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Benefit of PET/CT in esophageal cancer not established

By 28th January 2014No Comments

benefit of positron emission tomography (PET) in oesophageal cancer must be
considered as not proven due to a lack of comparative studies. In terms of
diagnostic and prognostic accuracy, it also remains unclear whether the
diagnostic technique can detect the spreading of tumors better than other
modalities. This is the conclusion of the final report of the German Institute
for Quality and Efficiency in Health Care (IQWiG) published on 20 August 2013.
About 4800 men and 1400 women are newly diagnosed with esophageal cancer in
Germany each year. The average age of disease onset is 65 years. and the 5-year
survival rate in Germany is at most 20%. Many experts assume that an
examination using PET or PET/CT, alone or in combination with other methods, is
better able to stage the tumor and monitor response to treatment. In addition,
better detection of tumor recurrence ought to be possible.

therefore searched the international literature for studies that had examined
the consequences of diagnostic interventions using PET or PET/CT with regard to
whether they were accompanied by perceptible improvements for patients, such as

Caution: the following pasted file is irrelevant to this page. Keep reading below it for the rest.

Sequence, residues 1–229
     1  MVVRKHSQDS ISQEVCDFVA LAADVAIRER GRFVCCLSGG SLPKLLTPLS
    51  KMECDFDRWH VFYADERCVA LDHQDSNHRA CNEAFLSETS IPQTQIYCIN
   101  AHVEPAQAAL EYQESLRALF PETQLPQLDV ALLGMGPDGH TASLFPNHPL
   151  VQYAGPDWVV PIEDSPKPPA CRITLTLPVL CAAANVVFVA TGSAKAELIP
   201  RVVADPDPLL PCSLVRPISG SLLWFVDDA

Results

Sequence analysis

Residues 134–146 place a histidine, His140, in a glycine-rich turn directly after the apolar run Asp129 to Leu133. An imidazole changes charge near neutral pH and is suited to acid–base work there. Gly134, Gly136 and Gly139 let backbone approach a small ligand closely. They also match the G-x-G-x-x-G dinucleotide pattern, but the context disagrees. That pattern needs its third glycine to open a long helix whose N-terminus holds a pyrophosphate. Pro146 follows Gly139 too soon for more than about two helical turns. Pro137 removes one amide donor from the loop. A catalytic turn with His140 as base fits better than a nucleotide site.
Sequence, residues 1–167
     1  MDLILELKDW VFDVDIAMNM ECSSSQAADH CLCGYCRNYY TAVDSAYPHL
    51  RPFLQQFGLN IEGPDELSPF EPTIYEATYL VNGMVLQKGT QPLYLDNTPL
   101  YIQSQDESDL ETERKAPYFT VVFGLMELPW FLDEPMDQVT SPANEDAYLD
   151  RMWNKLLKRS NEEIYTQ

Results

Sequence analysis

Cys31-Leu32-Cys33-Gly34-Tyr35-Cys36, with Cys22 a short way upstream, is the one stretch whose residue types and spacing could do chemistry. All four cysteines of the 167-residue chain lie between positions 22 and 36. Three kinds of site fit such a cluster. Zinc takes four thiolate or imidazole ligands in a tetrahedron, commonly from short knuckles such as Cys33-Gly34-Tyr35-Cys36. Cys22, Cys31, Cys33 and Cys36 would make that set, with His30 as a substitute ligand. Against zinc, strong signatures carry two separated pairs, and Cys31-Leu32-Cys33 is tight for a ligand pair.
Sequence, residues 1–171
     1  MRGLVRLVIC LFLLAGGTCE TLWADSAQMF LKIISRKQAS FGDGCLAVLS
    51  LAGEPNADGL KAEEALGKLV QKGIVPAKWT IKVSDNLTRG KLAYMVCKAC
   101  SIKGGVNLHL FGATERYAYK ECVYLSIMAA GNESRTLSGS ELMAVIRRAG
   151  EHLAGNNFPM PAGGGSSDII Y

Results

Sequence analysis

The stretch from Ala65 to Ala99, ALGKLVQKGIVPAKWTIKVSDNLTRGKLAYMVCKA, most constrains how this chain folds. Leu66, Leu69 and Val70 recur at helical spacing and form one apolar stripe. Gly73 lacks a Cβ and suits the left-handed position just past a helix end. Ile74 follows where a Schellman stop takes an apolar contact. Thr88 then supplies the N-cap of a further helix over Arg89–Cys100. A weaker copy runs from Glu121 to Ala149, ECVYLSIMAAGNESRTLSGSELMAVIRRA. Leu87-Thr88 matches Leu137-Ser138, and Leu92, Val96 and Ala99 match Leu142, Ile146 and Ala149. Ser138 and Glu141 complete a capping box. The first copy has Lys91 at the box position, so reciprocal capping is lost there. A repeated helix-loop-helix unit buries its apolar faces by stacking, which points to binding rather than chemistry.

increase in survival rates or quality of life, or fewer operations or further
diagnostic interventions. However, the search for direct comparative
intervention studies was unsuccessful, so that the question regarding the
patient-relevant benefit of PET or PET/CT in esophageal cancer still remains to
be answered. IQWiG also searched for studies in which the diagnostic accuracy
and prognostic power of PET or PET/CT was compared with other examination
methods. For this a total of 48 studies were found to be relevant for
diagnostic and prognostic accuracy, of which most examined the accuracy of
primary staging. Nineteen studies directly compared PET with CT. However,
conclusions in favour of one or the two techniques cannot be drawn, as either
no statistically significant difference was shown or the data could not be
interpreted with sufficient certainty. Too few studies are so far available that
directly compared PET or PET/CT with other diagnostic techniques and
investigated treatment response (restaging) or diagnosis and prognosis of tumor
recurrence. A reliable conclusion on the diagnostic and prognostic accuracy of
PET or PET/CT in restaging or recurrence diagnostics is therefore not possible.
In particular the potential advantage of PET and PET/CT, which visualize
metabolic activity, remains unclear versus morphologic imaging techniques such
as CT or magnetic resonance imaging, which display anatomical structures.